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Keele Logo 2017

NHS England Logo - 2017

 

 

RE:  Information request - the gathering and use of patient/staff stories to inform care

It is recognised that the use of patient/carer/public/staff stories is now a common way to inform the continuous improvement and delivery of quality care and is considered as a requirement to support the practice of person and family centred care (Health and Social Care Act 2012; The Point of Care Foundation 2017; World Health Organisation 2017; Wolf et al 2014). Earlier evaluative research recognised the changing context in which storytelling was happening within health and the need to embrace staff stories within this field of practice (McIntyre and White 2014; White 2014). Frameworks have emerged to support organisations with this process of story generation and use in quality improvement However early scoping of available literature suggests limited accompanying evidence of evaluation validating their development and continued use exist. Therefore improved and evidence based guidance is needed to ensure: the ethical gathering and use of stories, that individual and organisational learning results and that staff, patients and their families/carers are effectively supported throughout the process. For further information please read the below page.

Keele University School of Nursing and Midwifery and NHS England are working together to develop an evidence based storytelling framework. To help us with this task we are inviting you to share the information and procedures that you use within your organisation to generate and learn from stories. This call out for information is being undertaken by Dr Sue Ashby, Lecturer/User and Carer Lead Academic (Keele University) and Rachel White, Patient Experience Project Manager (NHS England, Midlands and East).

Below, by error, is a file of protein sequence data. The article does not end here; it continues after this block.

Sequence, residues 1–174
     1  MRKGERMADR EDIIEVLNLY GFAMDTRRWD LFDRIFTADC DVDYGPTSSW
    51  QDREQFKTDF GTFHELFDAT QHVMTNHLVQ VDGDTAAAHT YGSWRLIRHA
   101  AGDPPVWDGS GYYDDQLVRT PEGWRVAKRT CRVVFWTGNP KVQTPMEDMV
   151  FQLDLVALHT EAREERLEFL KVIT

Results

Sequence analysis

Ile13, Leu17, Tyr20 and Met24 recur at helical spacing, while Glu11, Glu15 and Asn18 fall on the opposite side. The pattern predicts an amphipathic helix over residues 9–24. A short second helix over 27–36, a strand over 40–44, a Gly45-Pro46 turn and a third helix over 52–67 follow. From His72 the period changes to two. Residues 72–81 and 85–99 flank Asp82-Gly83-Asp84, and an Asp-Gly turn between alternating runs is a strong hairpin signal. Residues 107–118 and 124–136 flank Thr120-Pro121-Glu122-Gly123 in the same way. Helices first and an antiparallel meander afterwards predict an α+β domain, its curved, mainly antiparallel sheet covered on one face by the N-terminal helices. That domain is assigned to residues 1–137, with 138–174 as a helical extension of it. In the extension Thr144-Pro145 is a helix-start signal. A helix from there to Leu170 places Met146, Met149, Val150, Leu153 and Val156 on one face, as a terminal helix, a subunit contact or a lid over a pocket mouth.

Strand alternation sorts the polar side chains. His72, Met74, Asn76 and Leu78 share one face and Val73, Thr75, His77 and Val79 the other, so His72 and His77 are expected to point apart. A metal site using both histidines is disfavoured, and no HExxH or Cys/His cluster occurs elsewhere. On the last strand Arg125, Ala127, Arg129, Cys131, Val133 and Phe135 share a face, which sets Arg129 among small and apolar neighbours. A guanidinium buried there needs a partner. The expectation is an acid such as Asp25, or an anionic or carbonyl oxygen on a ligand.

Supporting context

  • We are keen to hear from all organisations that are using stories to inform health and social care practice and education.
  • We are interested in the processes that you use which will include the mechanisms to support the gathering, using and supporting people involved in the storytelling process, within the context of health and social care and NOT the story itself.
  • The story teller can be a staff member/patient/carer or member of public.
  • It is acknowledged that differing organisations will use a variety of formats to support people to gather and use stories e.g. checklists, templates, frameworks, guidance (this list is not exhaustive).
  • We are interested in exploring these differing approaches to fully inform a one stop point of reference based on collective evidence
  • Contributing organisations will be acknowledged.

 

How to forward information

Please forward any frameworks/information your organisation uses to Dr Sue Ashby and Rachel White

Email nursing.storyfrmwk@keele.ac.uk DEADLINE EXTENDED TO 29th SEPTEMBER 2017

To submit large files that cannot be sent via email, please access our dropbox by clicking here.

To submit using the dropbox:

  • Select register
  • Fill out name, email and password information
  • Verify account through email sent to you
  • Once logged in, either drag and drop your file into the allotted box or click to open file browser and find your file, then click open. 

 

What will happen to the results of this call out?

This information will inform the development of a draft evidence based framework which will then be subject to further work to test and evaluate its use in practice within health, social care and education environments. If you are interested in being involved with the evaluation of this framework please indicate this when forwarding your information.

If you require any further information please contact Dr Sue Ashby s.m.ashby@keele.ac.uk

 

References

Health and Social Care Act 2012, c.7. Available at: http://www.legislation.gov.uk/ukpga/2012/7/contents/enacted Accessed 2.7.17